Blogging our recent US trip day by day, four weeks after the event.

Tuesday 19th August – Fun with Flying

IMG_1951626521094“Don’t worry,” they had told us about our first flights abroad. “Things so rarely go wrong. I’ve been flying for umpteen years and never had a problem.” Oh yeah, virtual smug person, well you can stick that right up your pipe and smoke it. Stream of consciousness notes from the travel journal follow:

“Gate A8 to Detroit, some ‘weather’ so we’re going over the top of it and coming into Detroit from the east leaving Minn. 3 seats each side of aisle, pro tip: roll-on bags fit better wheels out. Air. Bumpy fluffy clouds.”

That’s enough of that. It’s like reading Finnegan’s Wake, sheesh. I’ll start again.

Sad we were indeed to leave our wonderful South Dakotan hosts. They had shown us such a wonderful week, with unforgettable experiences and laughs that will linger in my memory until the day I kick the bucket. I had moist eyes as we left Barry and Janine at FSD.

DSCF3850We had no problems reaching Minneapolis, and finding Gate A8 for our flight to Detroit. On take-off Captain Sillyname informed us that there was ‘some weather’ in Detroit (no shit, Sherlock) so we would be flying over the top of it and coming into Detroit from the east. Before take-off we were given a bit of good advice – put your roll-on bags into the overhead compartment wheels outwards: they fit better.

The plane did a lot of taxiing at Minneapolis. The runway must be miles away. In flight, the plane was bumpy passing through clouds. That never occurred to me before. I always imagined that a cloud would make little difference to how a plane flew. Such innocent musings were soon gone as, three-quarters of the way to Detroit, Captain Sillyname made an announcement.

“Sorry folks,” he said, “We’ve hit a bit of a snag. We can’t fly over the big fuckoff storm in Detroit because our weather radar is knackered.” (I’m paraphrasing him here) “It’s a sod, but we’re going to have to return to the Twin Cities and have it fettled.” So return we did, and spent some of the time while we waited for an engineer looking up why Minneapolis was called ‘The Twin Cities’. Turns out that it’s actually two cities, Minneapolis and St. Paul’s. Like Manchester & Salford, I suppose, only cooler.

DSCF3848Now, our itinerary had given us a long connection time in Detroit, over four hours, but would we now still make our flight to Erie? Only time would tell. Engineers replaced the weather radar within an hour while the passengers chatted and walked about. The doors were closed. We might just make our connection after all. Captain Sillyname came on the PA.

“Thanks for your patience, folks. The buggered equipment has now been repaired, and we’ve whacked some more fuel in. We have been given clearance for take-off, yay! Oh wait. Bloody Nora – I’m now being told that twatting ATC have closed Detroit to all traffic due to the arsing storms there. FFS.” (still paraphrasing)

And so we continued to sit on the plane and chat or read or sleep. Eventually, after an age, we did take off. We had no idea at all what we would have to do in Detroit, so there was no relaxing on that flight. The Detroit screens showed that the last flight to Erie had indeed left, so we staggered to a crowded help desk where a harassed woman kept telling everyone to use the scanner. The scanner would not scan our thingies though, so we settled in for a long queue to have a word with the poor overworked agent.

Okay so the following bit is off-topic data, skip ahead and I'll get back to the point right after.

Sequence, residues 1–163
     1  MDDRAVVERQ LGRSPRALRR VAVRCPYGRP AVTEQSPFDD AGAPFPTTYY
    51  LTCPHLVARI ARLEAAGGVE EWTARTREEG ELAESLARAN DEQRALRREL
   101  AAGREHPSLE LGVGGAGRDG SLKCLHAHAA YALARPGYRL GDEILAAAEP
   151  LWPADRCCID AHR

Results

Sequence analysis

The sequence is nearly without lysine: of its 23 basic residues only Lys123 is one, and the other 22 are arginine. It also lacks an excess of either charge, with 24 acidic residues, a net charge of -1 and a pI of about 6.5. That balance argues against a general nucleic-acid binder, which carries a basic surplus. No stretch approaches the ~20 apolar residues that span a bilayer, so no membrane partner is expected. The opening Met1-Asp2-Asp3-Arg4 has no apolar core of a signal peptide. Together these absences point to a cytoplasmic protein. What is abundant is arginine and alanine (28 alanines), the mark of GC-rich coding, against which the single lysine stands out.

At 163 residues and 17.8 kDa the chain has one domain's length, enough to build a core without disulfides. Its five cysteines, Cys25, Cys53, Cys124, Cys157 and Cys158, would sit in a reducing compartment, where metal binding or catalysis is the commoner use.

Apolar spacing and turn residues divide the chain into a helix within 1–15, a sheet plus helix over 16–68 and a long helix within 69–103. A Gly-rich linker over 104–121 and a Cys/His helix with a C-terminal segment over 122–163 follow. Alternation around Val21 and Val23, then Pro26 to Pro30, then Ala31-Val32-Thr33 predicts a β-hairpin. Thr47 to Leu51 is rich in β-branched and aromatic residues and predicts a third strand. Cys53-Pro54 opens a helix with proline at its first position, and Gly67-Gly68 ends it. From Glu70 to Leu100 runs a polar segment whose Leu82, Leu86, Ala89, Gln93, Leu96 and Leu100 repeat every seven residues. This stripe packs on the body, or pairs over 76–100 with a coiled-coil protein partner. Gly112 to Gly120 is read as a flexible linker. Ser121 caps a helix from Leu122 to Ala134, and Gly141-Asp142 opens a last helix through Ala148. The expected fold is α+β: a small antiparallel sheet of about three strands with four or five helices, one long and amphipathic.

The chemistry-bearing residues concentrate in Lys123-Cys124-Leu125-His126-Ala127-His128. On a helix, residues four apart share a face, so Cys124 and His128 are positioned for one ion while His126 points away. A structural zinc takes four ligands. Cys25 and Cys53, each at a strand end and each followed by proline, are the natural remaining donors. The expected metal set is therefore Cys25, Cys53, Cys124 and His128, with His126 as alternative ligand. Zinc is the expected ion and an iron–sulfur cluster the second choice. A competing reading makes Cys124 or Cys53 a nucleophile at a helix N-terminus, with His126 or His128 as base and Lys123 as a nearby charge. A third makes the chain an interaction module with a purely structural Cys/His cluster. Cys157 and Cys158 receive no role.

“Wombats? Do we have Wombats here?” came a loud voice from a corner of the bay. Puzzled, we answered the shout and took a phone call from a lovely woman called Flo. She told us that Kim had spoken to her on the phone, explained the situation, and that we should come find her in the ticketing office where she would sort everything out for us. We found her, and she did, bless her heart. Also, we will be forever grateful to Kim for her heroic phoning and organising on our behalf.

IMG_6986Flo arranged for us to fly the next morning to Cleveland (where they had been going to take us anyway) to meet up with Kim and Tom. She also arranged a hotel for the night and transport to reach it, which turned out to be a limo. The driver took us through some dodgy looking areas, though.

Knackered, we spent the night at the Country Inn at Dearborn, having eaten only a cheese scone at breakfast. We did nick a couple of cookies from a basket in the lobby, and found some ice to melt for drinking water. The room was very comfortable, very clean, with two double beds. It also had a clock that ran an hour slow, so we made a mental note not to trust it, showered, and collapsed.



About wombat37

A Yorkshireman in the green hills of Lancashire, UK Not a real wombat, obviously, or typing would become an issue. I do have short legs and a hairy nose, however. Oh, & a distinctive smell.

Posted on September 16, 2014, in #WOMBATSDOAMERICA, Airports, America, Cleveland, Detroit, Flying, Holiday, USA. Bookmark the permalink. 3 Comments.

  1. Wow, what a hassle, but how wonderful that Kim sorted you out! I LOVE your paraphrasing, but you used my fav, of all favs you said ‘big fuckoff storms’ – I used ‘fuckoff’ in the middle of many things – think my children might think it is normal English eek! Mostly in ‘big fat fuckoff cars’- referring to big American cars Dutchies insist on driving on their tiny roads! Ugh! In Australia, Australians looked at me strangely when I used this expression, as do many, a they don’t get it. So wonderful to know I am not alone. Wouldn’t be wonderfully refreshing if aeroplane captains did paraphrase like this? 😉


  2. * I was so excited that is full of typos! LOL


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